Being a sociable girl, when Ashley saw two boys at the Chick-fil-A play area, she walked right up to them. The younger of the two brothers, a 24-month old probably, promptly pushed her. From my perch on the mommy bench, I observed her surprise and sadness. Clearly, she wasn't expecting that kind of reception. The aggressor pushed again, and again Ash looked dazed.
The attack not being particularly violent, I stayed put but called, "Ashley, say, 'Don't push me,'" imitating the firm yet in-control tone I wanted her to use. Too timid to comply, she walked off to play.
I was floored when at dinner tonight, Ashley said, "I didn't say 'Don't push me' to the boy at Chick-fil-A because it's not sweet." My two year old had articulated a serious problem that has existed for centuries. Whether the notion of perpetual female sweetness is the result of conditioning or is a product of (fallen) feminine nature, I don't know; but I believe it is one cause of teen girls (and grown women) tolerating mistreatment and abuse. (The statistics on teens in abusive dating relationships is staggering.) Certainly, telling a sexually aggressive boyfriend to "get your hands off me" isn't sweet, nor is dumping a guy who calls you fat; and it definitely isn't "sweet" to call the police on your abusive husband.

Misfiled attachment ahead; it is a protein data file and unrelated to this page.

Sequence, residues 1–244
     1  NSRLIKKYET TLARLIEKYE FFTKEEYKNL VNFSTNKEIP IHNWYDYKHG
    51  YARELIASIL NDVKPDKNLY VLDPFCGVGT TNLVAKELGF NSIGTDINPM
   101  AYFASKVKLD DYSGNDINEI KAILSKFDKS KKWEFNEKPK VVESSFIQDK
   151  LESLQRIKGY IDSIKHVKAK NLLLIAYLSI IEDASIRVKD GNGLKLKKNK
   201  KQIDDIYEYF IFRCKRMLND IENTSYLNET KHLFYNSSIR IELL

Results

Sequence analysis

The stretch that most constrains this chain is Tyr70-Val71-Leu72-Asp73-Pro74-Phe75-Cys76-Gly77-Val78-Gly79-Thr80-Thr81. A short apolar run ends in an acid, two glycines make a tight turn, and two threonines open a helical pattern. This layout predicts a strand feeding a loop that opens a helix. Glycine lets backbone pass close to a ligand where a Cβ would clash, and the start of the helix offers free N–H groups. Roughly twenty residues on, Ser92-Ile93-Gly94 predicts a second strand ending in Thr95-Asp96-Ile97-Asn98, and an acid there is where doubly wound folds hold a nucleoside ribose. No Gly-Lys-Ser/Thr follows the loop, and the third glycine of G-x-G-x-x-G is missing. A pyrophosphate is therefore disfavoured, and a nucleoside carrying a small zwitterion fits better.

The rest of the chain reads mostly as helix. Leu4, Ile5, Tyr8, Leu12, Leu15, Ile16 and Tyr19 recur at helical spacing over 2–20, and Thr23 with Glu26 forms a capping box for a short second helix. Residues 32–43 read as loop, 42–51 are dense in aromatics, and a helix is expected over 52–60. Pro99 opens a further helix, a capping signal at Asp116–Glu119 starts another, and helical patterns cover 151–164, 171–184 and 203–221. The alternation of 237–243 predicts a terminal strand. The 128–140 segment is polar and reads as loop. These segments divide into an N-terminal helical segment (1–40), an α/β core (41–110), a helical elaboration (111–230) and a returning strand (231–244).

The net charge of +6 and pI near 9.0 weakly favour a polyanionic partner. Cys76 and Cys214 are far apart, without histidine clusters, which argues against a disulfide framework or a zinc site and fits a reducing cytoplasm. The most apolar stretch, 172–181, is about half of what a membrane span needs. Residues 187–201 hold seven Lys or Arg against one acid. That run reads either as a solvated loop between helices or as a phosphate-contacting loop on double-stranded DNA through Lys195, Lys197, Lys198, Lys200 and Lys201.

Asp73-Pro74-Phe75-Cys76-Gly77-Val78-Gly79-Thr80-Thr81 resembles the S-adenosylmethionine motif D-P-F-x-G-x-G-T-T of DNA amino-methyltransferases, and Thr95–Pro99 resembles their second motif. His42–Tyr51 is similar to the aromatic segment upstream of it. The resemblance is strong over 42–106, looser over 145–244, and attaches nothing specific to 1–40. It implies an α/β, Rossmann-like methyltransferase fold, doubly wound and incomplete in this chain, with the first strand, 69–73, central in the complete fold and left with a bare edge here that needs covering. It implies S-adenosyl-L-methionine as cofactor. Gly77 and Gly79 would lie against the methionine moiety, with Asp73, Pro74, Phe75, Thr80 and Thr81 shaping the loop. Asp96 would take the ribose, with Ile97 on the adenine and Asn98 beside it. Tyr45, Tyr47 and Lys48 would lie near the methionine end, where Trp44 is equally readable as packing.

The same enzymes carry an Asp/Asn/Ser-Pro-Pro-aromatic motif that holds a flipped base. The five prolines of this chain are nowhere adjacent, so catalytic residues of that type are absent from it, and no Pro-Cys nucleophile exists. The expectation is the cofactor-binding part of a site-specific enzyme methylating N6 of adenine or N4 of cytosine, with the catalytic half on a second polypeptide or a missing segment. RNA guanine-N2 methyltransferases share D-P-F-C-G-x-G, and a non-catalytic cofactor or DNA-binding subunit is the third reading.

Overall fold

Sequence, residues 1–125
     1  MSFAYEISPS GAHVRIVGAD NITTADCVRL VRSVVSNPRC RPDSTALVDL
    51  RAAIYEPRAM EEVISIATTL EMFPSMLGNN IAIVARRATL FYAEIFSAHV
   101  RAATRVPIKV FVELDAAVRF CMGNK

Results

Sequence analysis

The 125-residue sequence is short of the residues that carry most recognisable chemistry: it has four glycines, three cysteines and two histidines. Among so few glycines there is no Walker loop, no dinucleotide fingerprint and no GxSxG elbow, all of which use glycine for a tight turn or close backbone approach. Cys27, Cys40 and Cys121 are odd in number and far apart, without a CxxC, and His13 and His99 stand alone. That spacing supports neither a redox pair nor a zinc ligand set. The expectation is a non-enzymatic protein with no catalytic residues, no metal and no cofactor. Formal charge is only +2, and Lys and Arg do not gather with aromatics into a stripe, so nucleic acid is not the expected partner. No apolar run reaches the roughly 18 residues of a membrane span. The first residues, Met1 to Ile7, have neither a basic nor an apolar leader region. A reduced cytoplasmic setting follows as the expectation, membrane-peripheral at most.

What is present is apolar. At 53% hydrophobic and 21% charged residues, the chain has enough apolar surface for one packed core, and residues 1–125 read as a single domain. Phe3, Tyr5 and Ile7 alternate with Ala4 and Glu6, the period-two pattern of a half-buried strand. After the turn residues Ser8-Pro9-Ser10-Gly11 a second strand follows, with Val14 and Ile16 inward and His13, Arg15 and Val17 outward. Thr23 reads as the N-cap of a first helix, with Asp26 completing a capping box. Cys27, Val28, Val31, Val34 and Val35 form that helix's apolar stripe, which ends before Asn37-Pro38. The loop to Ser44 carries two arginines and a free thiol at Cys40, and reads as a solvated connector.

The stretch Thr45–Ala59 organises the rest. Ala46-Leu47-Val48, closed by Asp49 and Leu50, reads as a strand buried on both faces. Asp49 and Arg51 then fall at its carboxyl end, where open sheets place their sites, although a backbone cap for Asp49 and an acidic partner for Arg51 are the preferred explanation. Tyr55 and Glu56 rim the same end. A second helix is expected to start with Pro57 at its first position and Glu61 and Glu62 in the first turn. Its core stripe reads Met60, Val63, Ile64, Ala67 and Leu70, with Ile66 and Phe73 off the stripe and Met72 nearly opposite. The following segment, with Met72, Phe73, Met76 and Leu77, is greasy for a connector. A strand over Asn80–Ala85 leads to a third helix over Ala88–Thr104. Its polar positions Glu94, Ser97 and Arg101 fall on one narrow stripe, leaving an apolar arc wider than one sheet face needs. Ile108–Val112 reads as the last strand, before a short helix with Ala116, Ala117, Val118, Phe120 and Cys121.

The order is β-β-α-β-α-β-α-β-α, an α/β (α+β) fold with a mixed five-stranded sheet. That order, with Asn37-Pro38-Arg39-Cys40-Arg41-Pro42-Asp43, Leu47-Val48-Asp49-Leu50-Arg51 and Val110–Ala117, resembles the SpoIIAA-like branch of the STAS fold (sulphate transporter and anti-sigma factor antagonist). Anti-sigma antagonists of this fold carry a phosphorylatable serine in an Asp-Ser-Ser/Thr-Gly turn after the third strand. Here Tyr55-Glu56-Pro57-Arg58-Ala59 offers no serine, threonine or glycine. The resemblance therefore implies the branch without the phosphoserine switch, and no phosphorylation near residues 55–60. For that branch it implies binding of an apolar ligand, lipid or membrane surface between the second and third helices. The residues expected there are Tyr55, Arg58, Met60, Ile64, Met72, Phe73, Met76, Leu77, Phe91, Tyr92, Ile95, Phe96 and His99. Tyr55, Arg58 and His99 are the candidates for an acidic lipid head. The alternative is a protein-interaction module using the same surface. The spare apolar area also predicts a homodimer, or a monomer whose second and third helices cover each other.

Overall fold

I want my daughters to be sweet, or, more specifically, compassionate, friendly, gracious and graceful, forgiving, and tender-hearted. But there are situations in which "sweetness" is inappropriate. When I told Ashley to say "Don't push me!", I was teaching her that the boy had treated her in a way inconsistent with her dignity and that it is appropriate, necessary even, to assert herself when boundaries of decency are crossed. I'm convinced that this lesson must begin early. Waiting till your daughter's heading out the door on her first date is too late. For all you know, she's already observed inappropriate behavior in this guy but thinks it wouldn't be "sweet" to judge him for his defiance of female teachers or his snickering every time the pudgy girl with acne walks by.
Ashley's education in self-respect and proper assertiveness began today: she's far too precious to put it off.